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To investigate the resistance of a conducting material as its length changes.

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Christopher de Wardt                                                         Dulwich College

Physics Coursework 2002



Aim: To investigate the resistance of a conducting material as its length changes.

        I am carrying out this experiment to find out if as a result of changing the length of a conducting material – graphite paper in my case, the resistance changes directly because of this change. In order to make sure that the results, leading to further conclusions, are reliable, I must make sure that any other factors that could possibly affect resistance are kept constant.

Variable Studied - Length

        I will be using a circuit method in this investigation; there are a number of different factors that I must take into account when investigating the resistance of the graphite paper. Obviously, the first is length, which I will decrease from its starting length in equal steps as it approaches zero centimetres long; this is the main variable being considered in my investigation. The width of the paper must also be kept constant, as it may affect the results, and causing the investigation to become unfair.  To evaluate the resistance of the graphite paper I will record my observations in terms of voltage across the paper and the current of the circuit. Because

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Conclusion of preliminary experiment:

As the maximum temperature change of the lab environment is only likely to be around a few degrees at the very most, my results suggest that the decrease of accuracy of my main experiment will be very small. For example, my graph shows that if there was a change of temperature from 20ºC to 22ºC in the lab, the accuracy of my results would 0.012kΩ too high, which would be a percentage error of around +0.36%. Therefore, in the context of this experiment, temperature will have almost no effect on the reliability of my results in the lab environment.

Method of main experiment


                • 2 Volt cyclon cell

                • Analogue ammeter

                • Digital voltmeter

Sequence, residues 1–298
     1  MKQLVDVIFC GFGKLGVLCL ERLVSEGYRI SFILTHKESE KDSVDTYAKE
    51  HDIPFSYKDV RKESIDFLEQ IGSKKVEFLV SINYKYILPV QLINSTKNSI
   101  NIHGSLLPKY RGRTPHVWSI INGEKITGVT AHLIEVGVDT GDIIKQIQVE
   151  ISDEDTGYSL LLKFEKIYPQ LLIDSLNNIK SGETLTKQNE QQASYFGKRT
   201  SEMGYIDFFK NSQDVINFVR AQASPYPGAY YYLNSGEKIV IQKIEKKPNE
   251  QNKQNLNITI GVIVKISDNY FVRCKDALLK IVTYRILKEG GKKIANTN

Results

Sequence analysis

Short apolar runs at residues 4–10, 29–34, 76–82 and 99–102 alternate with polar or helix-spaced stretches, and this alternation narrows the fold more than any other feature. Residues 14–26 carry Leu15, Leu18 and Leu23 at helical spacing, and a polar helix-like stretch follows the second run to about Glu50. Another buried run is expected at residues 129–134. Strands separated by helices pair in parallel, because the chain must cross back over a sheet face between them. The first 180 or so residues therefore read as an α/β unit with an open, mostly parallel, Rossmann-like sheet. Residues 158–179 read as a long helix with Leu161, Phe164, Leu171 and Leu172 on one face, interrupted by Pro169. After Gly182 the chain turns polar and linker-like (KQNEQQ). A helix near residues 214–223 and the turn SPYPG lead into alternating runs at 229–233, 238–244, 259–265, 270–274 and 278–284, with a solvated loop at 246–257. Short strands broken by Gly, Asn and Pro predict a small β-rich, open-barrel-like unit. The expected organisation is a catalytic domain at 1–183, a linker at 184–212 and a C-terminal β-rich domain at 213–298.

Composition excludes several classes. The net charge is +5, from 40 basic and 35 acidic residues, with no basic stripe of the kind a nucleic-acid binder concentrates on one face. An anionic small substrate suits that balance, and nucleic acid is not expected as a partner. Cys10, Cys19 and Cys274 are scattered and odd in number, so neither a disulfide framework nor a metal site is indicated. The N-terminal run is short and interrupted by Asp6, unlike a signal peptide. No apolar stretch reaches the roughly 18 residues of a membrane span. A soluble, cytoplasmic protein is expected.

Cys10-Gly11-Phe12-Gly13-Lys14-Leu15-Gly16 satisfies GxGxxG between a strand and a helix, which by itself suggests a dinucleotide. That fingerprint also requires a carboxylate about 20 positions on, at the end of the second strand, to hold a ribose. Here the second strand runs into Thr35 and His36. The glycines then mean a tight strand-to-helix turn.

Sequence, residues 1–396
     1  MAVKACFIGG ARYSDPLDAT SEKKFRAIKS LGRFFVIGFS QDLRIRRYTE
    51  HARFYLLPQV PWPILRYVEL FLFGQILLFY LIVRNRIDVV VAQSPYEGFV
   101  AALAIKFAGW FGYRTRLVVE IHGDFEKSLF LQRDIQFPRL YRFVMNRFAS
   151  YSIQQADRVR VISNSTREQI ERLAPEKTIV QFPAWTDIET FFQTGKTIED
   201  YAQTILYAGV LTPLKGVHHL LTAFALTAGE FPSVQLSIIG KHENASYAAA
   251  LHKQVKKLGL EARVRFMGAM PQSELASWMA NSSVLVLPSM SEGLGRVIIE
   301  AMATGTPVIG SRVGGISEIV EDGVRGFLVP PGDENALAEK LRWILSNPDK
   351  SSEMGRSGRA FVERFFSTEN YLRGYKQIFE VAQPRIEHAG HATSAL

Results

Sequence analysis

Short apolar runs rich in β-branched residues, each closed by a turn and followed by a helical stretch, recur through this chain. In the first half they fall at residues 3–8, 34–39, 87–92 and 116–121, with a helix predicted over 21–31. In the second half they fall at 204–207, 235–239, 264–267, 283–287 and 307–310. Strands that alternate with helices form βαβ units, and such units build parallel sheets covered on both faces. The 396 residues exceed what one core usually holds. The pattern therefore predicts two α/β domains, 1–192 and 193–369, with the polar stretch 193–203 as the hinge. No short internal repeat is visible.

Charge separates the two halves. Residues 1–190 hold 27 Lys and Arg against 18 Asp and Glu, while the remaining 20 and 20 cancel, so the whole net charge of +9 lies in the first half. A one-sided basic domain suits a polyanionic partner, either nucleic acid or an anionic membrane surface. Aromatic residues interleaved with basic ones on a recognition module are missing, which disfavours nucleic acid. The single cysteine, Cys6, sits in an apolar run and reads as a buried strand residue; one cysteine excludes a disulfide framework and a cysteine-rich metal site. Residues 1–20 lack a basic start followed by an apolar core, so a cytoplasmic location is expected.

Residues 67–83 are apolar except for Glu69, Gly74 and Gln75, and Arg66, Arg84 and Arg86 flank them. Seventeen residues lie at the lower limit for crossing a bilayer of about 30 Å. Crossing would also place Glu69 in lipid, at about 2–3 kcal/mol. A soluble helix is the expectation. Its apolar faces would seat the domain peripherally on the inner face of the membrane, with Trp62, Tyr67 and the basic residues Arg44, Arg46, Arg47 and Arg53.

• 45 cm strip of graphite-coated paper

                • Rheostat (potential divider)

                • Circuit wires

                • Modified Bulldog clips (2)


The circuit should be assembled as shown above; the slide on the rheostat should always be adjusted so that the digital voltmeter reads 1 volt.

The current should be recorded for the following lengths of graphite paper:





















As shown in the table, and as I wrote earlier, voltage must be kept constant to make this a fair experiment. Also, the width of the graphite paper must be kept constant throughout the experiment – easily done by simply using the same piece of graphite paper cut to shorter and shorter lengths.

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-1 and as voltage was kept constant at 1 Volt in this experiment, effectively R=I-1. Because of this, and the line of best fit seems to suggest a ‘squared’ relationship, I believe a graph showing resistance against length would show a direct proportionality.


        This graph shows that Resistance increases with length; it shows that resistance is directly proportional to length. Specifically for my width of graphite paper it shows that R= ~70*length. The fact that resistance has been shown to be directly proportional to length - in this case - fully supports my prediction.

This allows me to conclude that the scientific basis for my prediction was sound, and that the number of collisions between electrons and atom sites determines the value of resistance in a conductor.


        As I found that my results fell in line with previous scientific knowledge, it suggests that my experiment was carried out accurately, and that the use of repeat readings is a good way of getting closer to the ‘ideal’ values which previous scientific study suggests I should be finding. The accuracy of my results also shows that my conclusions have a firm basis; by comparing my own personal results with others carrying out similar experiments, they seem to be similar enough to ensure that they are accurate. In order to make sure these results are reliable, even further amounts of readings could be taken using different sets of equipment to ensure that the experiment remains fair.

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